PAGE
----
As a result, the ‘visual-cliff’ experiment demonstrated that infants at six months of age have the ability to perceive distance and depth. In contrast, Cohen & Cashon (2006) attributed ‘depth perception’ to a child’s ability to interpret observable differences between each eye. That is, to implement ‘Binocular depth cues’ to perceive depth. In addition, one other ‘kinetic cue’ that is important to depth perception is ‘motion parallax.’ Motion parallax refers to the relative distance and observable changes of an object as it passes through one’s environment. With this in mind, one’s visual experiences are considered to be greater if the object is close and moving towards one’s self. Whereas, observable distant objects that move are less visually stimulating as distance and size are perceived as being small.

Sensitivity to pictorial cues

Early research into ‘pictorial distance cues’ by DeLoache, Strauss & Maynard (1979) indicated that newborns have the ability to distinguish between real objects and two-dimensional pictures of the same object. However, DeLoache & Ganea (2009) suggested that evidence indicates a child’s full conceptual understanding of a picture develops during the second and third year of life. It also explains why a nine-month-old will attempt to grasp a life like a toy from a picture according to DeLoache, Pierroutsakos, Uttal, Rosengren, & Gottlieb (1998).

Hearing and Auditory Perception

Auditory development is based on one’s ability to detect and perceive auditable environmental changes. This, in turn, allows the individual to quantify the relative distance of objects in relation to one’s self. It also acts as a defence mechanism when trying to avoid objects in motion, namely, a moving vehicle from behind or an approaching cyclist on the road. Therefore, ‘sound recognition’ is vital to one’s development as it also helps a newborn to distinguish between the voice of its mother and father. In addition, this identification is critical for reassurance and survival on a nutritional level in the early years of development. Moreover, according to Sloutsky & Napolitan’s (2003) it’s more important than vision.

But how are the development of hearing and auditory perception assessed in infants, young children? The answer lies in a child’s normal reaction to sound. Namely, the infant’s physiological increased heart rate and breathing in Aslin, Jusczyk, & Pisoni’s (1998) view. It also includes the rotation of an infant’s head towards a new auditory stimulus. Noticeably, habituation, dishabituation also will occur as the infant becomes familiar with the repetition and source of the auditory sound. This will become self-evident in Aslin et al. view as the infant’s attention span will diminish over time.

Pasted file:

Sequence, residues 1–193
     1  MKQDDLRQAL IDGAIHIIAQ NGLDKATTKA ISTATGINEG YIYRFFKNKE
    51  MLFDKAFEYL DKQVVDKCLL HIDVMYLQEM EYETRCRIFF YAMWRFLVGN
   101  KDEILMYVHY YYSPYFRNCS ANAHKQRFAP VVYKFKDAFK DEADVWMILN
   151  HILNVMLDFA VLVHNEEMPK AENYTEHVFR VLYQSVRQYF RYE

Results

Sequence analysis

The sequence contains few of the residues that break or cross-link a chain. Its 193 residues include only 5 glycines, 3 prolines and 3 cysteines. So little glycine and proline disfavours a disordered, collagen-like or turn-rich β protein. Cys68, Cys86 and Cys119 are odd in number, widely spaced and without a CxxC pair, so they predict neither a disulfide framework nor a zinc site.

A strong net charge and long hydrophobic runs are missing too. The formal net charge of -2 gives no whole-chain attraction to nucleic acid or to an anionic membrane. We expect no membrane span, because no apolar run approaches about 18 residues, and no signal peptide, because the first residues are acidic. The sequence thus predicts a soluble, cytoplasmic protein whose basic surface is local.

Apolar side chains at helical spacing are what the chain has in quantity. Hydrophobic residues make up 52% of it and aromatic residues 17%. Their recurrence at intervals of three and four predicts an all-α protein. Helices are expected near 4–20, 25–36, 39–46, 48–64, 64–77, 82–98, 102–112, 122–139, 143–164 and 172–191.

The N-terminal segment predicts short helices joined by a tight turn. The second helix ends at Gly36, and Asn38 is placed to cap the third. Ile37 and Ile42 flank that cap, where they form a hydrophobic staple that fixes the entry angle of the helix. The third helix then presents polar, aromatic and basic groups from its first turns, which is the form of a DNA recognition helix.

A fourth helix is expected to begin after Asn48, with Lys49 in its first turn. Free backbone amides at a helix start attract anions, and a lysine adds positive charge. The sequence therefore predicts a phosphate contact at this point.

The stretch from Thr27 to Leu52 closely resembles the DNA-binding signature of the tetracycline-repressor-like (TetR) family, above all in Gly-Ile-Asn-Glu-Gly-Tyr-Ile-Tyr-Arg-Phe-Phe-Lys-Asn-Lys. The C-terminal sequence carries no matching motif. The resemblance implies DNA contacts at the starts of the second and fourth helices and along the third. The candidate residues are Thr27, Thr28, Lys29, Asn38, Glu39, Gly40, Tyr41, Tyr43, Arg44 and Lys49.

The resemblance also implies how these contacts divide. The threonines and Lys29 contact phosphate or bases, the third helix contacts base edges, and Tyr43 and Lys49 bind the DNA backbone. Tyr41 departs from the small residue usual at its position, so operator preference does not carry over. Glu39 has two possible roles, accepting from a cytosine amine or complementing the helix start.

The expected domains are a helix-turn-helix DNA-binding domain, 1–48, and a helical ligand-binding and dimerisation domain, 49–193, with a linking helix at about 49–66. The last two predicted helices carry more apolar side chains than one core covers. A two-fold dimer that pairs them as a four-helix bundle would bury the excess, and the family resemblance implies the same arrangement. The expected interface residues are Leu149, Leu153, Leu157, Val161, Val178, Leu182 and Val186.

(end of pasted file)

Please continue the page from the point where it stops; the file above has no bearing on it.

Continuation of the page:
Remarkably, research by Lecanuet, Granier-Deferre, & Bunsnel (1995) had revealed that a foetus at 24 weeks has the ability to acknowledge outside audible stimuli as electrical activity of the foetus’s brain. With this in mind, Lecanuet et al. conceptualised that infants might be able to discern between individual sounds. Moreover, that pattern recognition of voices might aid in the infant’s ability to identify their own mother’s voice. This premise was also the foundation of DeCasper & Spence’s (1986) auditory experiment with a pregnant woman. The mothers would read aloud one of three stories each day and by strangers three days after the birth of the child. The results indicated a significant measurable difference in the rhyme of sucking by the infant when the mother’s voice was presented.

Therefore, in DeCasper et al. view ‘parental exposure’ during the prenatal stage of development is associated with ‘vocal pattern recognition’ by the child after birth. Similarly, as indicated by DeCasper, Lecanuet, Bunsnel, Granier-Deferre, & Mangeais (1994) infants show a preference for known rhythmic sounds like melodies. This conclusion was reached after the monitoring of newborns and their declining heart rates after the introduction of familiar prenatal rhythmic sounds like melodies. This conclusion was reached after the monitoring of newborns and their declining heart rates after the introduction of familiar prenatal rhythmic sounds.

Sound sensitivity and sound discrimination

How sensitive are we to sound? By definition ‘sound sensitivity’ refers to one’s ability to detect ‘pitch,’ that is, a frequency or vibration of a wavelength of sound at a certain level. Noticeably, this is in contrast to ‘sound discrimination’ which refers to the identification of individual sounds. With this in mind, according to Saffran et al. (2006) adults unlike newborns are more sensitive to sound and are capable of detecting a whisper at one meter. In contrast, a newborn within the same environment would require a level of sound that is four times as loud to achieve the same detection.

Moreover, as identified by Eisenberg (1976) newborns are more sensitive to ‘lowfrequencies.’ However, research by Saffran et al (2006) had revealed that a newborn’s rapid development of sound sensitivity to different frequencies increase up until the child reaches 10 years of age. Furthermore, that a newborns sensitivity to high-frequencies is approximately equal to an adult at the chronological age of six months. More importantly, that infants at one month, in Vouloumanos & Walker’s (2007) view, can distinguish between multiple frequencies that fall within the normal vocal range of human speech.